“I found, however, in Kinsale a piano player/producer, Billy Crosbie, who not only loved that music, but had been producing very successful shows featuring those composers. He and I played golf together and for two years, I kept saying, ‘You need to do a show on Mercer.’
“He kept saying, ‘But nobody here knows who he is.’ I replied, ‘They know his music, though.’”
Finally, Crosbie agreed.
“Since I was from Savannah and had met Mercer several times and even dated his niece for a while, (we decided) that I should co-write the script and even sing two songs,” Cope says. “‘Pardon my Southern Accent,’ a natural, and ‘I’m an Old Cowhand from the Rio Grande.’
“I did two more shows with the group co-writing and performing in ‘The Rat Pack and Friends’ and writing the script for ‘Tin Pan Alley: From Rag time to Show Time.’
“All of these shows were performed for runs during the annual Kinsale Arts Week and then moved on for longer runs at major theaters in Cork City, drawing rave reviews,” Cope says. “These shows always took about eight months in production, taking time from my books.”
Since then, Crosbie has moved in a different direction and the musicals have ended. But Cope has no regrets.
“It was an experience that I will always cherish,” he says. “It was something that I had always dreamed of doing, but never expected to have the opportunity.”
Writing a book about Savannah while living in Ireland might be tricky for anyone but Cope.
“A lot of research was done online, but I spent some time on my last trip to Savannah doing research at the Georgia Historical Society,” he says. “Luciana Spracher at the City Hall Archives has been a tremendous help on all of my books. I also now have a fairly extensive library of books on Savannah and Georgia history.”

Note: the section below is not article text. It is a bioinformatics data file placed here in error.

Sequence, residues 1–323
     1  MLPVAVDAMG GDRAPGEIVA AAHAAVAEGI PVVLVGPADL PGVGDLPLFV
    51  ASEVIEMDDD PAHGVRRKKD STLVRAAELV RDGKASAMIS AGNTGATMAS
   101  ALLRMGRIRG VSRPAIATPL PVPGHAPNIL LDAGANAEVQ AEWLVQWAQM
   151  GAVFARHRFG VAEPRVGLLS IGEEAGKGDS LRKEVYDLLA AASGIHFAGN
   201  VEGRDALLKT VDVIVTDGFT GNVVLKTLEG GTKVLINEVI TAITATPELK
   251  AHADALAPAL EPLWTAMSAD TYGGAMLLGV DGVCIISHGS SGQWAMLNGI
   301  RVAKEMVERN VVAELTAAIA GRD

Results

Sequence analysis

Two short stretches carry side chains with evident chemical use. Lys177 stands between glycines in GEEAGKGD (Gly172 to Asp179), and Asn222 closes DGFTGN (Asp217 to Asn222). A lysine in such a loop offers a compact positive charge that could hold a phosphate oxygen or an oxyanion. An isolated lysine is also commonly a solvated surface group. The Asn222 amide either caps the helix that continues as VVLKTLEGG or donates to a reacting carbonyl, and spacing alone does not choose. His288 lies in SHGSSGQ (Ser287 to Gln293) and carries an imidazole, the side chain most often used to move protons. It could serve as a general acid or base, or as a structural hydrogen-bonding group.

There were some surprises throughout the project.
“I was surprised that several streets were not named for the people I thought,” Cope says. “Jones Street, for example.
“Two were named for women, which must have been unusual in the 18th and 19th centuries. I was amazed, too, that a number of worthy early Georgians or people who contributed to the survival and progress of the colony and early days of the state did not have streets named for them.
“George Walton, for example,” Cope says. “(He was) one of the three Georgia signers of the Declaration of Independence.”
The original plan for the colony of Georgia was designed in 1733 by Gen. James Oglethorpe. The Historic Landmark District is based on this plan.
Residents and tourists alike walk the streets of Savannah without any idea for whom the streets are named. While it’s obvious with Oglethorpe Avenue and Martin Luther King Jr. Boulevard, the origins of others aren’t so clear.
“I think the book fills a niche in the rich history of Savannah and should appeal both to tourists and residents alike,” Cope says.
Although he now lives in Ireland, Cope does come back for regular visits.
“I get back to Savannah about once a year, depending on when the next book is ready,” he says. “That gives me an opportunity to see family and many old friends.”
With “It’s Not That Lincoln!” in print, Cope will give two talk/book signings in Savannah. The first is at 3:30 p.m. Sept. 16 at E. Shaver Bookseller, and the second at 6 p.m. Sept. 19 at Ships of the Sea Maritime Museum.
For several years, Cope has been working on a biography of his great-grandfather, Philip Dickinson Daffin.
“He was quite a character — a Confederate soldier for the four years of the war, a cotton factor and chairman of the Cotton Exchange, and chairman of the Park and Tree Commission for almost 30 years,” Cope says. “The latter was a role he took very seriously to the point of using his cane on those who damaged shrubs and trees in Savannah.
“He was responsible for the palmettos on Victory Drive, and Daffin Park is named for him. I hope to have that book ready by this time next year.”
Will there be any further books or musicals after that one?
“I’m not sure that there is anything left in my life to tell,” Cope says. “I feel extremely fortunate to have been involved in the things I have and experienced things that I never thought that I would have. As I said in my book, ‘Stealing Stones,’ my life has been one of total serendipity.”
IF YOU GO
What: Talks and book signings for author Tony Cope’s book, “It’s Not That Lincoln!”
When/Where: 3:30 p.m. Sept. 16 at E. Shaver Bookseller, 326 Bull St.; 6 p.m. Sept. 19 at Ships of the Sea Maritime Museum, 41 MLK Jr. Blvd.